NBCUniversal Heading To Trial In Age Discrimination Case From Award-Winning Ex-KNBC Producer

By Dominic Patten

It’s looking more and more certain that Frank Snepp is going to get the trial he wants against NBCUniversal and Comcast. A L.A. Superior Court Judge today refused the media giant’s best efforts to have the Emmy and Peabody-winning journalist’s nearly 2-year old age discrimination case thrown out. That means the November 2 jury trial start date is still on the calendar – and approaching probably too fast for Comcast.

The former CIA analyst first filed suit on October 1, 2013 claiming that he had been pink slipped from LA affiliate KNBC the year before due to his age. Hired by the station in 2005 at the age of 61 as an investigative reporter and producer, Snepp was canned on October 1, 2012. In his 2013 lawsuit, the then 70-year old journalist claims that the tone and leadership really changed at KNBC after Comcast announced its acquisition of NBCUniversal in late 2009.

Judge Stephen Moloney said in a motion for summary judgment hearing on Friday that Snepp had provided enough evidence that a “discriminatory motive” was a factor to be able to move forward to a wrongful termination trial. NBC claims Snepp was let go from KNBC because he was no good at his job. Which is a very odd thing to say about a guy who helped bring the very prestigious Peabody to the station soon after joining them in May 2005.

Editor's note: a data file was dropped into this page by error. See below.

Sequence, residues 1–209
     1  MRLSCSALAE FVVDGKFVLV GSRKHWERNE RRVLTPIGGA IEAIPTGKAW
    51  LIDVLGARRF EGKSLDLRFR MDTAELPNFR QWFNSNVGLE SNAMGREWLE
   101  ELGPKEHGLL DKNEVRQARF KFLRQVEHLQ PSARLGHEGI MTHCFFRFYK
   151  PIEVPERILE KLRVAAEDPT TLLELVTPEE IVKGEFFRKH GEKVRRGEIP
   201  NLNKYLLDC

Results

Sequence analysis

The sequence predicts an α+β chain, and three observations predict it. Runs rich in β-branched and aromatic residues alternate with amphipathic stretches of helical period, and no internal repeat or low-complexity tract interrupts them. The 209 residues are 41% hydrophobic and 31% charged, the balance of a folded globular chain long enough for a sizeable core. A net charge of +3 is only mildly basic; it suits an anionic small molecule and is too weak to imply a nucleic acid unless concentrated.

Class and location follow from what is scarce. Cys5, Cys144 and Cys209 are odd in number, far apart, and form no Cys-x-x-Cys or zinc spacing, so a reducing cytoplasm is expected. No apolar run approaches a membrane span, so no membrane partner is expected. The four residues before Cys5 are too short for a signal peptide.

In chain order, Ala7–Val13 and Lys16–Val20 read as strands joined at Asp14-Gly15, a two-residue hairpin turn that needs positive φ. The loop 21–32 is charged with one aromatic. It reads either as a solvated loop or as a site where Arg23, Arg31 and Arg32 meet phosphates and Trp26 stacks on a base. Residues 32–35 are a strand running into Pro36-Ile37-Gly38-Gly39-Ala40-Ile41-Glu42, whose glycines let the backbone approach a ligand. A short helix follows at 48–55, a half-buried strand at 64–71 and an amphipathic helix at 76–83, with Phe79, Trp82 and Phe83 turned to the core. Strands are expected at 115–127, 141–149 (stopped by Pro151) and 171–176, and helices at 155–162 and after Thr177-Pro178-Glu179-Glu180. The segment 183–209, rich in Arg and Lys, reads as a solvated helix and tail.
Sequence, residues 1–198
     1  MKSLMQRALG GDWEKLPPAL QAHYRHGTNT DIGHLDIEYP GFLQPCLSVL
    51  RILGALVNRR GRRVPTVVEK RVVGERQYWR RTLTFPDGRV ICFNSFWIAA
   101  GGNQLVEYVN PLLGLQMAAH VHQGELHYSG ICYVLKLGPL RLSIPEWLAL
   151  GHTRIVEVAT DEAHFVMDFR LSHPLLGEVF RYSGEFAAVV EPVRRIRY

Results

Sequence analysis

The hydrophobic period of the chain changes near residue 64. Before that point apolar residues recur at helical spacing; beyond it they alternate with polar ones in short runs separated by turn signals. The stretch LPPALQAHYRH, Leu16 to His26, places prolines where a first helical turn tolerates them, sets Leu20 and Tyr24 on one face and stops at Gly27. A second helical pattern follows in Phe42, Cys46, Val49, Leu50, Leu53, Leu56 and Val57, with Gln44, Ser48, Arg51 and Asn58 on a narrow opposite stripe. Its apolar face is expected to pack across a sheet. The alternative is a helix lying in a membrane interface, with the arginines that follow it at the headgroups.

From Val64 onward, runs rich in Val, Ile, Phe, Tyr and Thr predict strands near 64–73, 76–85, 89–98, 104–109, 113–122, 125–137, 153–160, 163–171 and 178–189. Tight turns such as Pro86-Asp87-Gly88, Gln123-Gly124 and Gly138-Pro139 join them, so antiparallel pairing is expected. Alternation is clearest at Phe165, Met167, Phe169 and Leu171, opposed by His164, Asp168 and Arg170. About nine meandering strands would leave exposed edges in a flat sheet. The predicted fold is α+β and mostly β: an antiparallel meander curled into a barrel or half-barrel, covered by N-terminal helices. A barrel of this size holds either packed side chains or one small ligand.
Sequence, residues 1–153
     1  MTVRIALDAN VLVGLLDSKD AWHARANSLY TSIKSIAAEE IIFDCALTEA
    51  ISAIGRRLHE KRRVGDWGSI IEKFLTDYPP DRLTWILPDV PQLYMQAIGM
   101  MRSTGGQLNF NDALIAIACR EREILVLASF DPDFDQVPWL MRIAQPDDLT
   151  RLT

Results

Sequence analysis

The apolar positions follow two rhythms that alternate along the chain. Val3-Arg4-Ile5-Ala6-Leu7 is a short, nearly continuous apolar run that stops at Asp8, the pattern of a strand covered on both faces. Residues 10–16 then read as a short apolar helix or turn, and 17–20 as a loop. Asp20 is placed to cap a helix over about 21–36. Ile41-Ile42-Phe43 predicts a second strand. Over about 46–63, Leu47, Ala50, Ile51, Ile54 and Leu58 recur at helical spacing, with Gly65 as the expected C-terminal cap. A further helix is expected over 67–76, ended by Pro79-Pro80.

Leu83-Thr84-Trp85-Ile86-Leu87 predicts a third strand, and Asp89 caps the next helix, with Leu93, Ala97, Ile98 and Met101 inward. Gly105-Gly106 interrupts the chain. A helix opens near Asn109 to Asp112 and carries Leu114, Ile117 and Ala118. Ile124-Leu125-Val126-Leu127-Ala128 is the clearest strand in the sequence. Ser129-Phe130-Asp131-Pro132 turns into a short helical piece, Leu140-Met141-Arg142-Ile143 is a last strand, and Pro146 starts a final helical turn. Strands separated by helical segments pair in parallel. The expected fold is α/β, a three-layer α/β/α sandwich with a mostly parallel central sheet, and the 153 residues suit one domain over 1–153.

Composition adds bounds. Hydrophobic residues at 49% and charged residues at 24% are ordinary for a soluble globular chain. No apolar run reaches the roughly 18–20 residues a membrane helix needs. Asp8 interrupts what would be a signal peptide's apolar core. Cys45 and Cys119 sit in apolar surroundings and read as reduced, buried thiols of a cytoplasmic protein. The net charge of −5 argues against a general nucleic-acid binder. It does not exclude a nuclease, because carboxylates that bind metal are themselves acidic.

Snepp also alleged in his 2013 filing that he was punished for being “outspoken” and complaining about the treatment older employees were subjected to. “Plaintiff was replaced by investigative reporter(s) either under 40 or who were substantially younger than he,” said the complaint that also sought unspecified damages for retaliation as well as the claim of discrimination against Comcast, NBCUniversal, NBC News and NBC 4 (AKA KNBC). Snepp claimed that his direct supervisors knew of his complaints to human resources at KNBC and decided to finally fire him because of it. That part the judge wasn’t having and trimmed it from the case. “No evidence is presented to support knowledge by the decision makers of any protected activity asserted by Plaintiff,” said Judge Moloney’s ruling today.

Last August, Snepp filed a very similar second wrongful discrimination suit against basically the same parties. At the time, it looked like his first case might have come to a quick end. But that didn’t happen and it didn’t happen again today.

A protective order hearing is set in the matter on September 21 and then a Final Status conference on October 22. If they go to plan and Comcast and NBCU don’t make any more significant filing, there’s going to be a trial starting 11 days later. Of course, doubt KNBC will have their cameras in there filming the proceedings.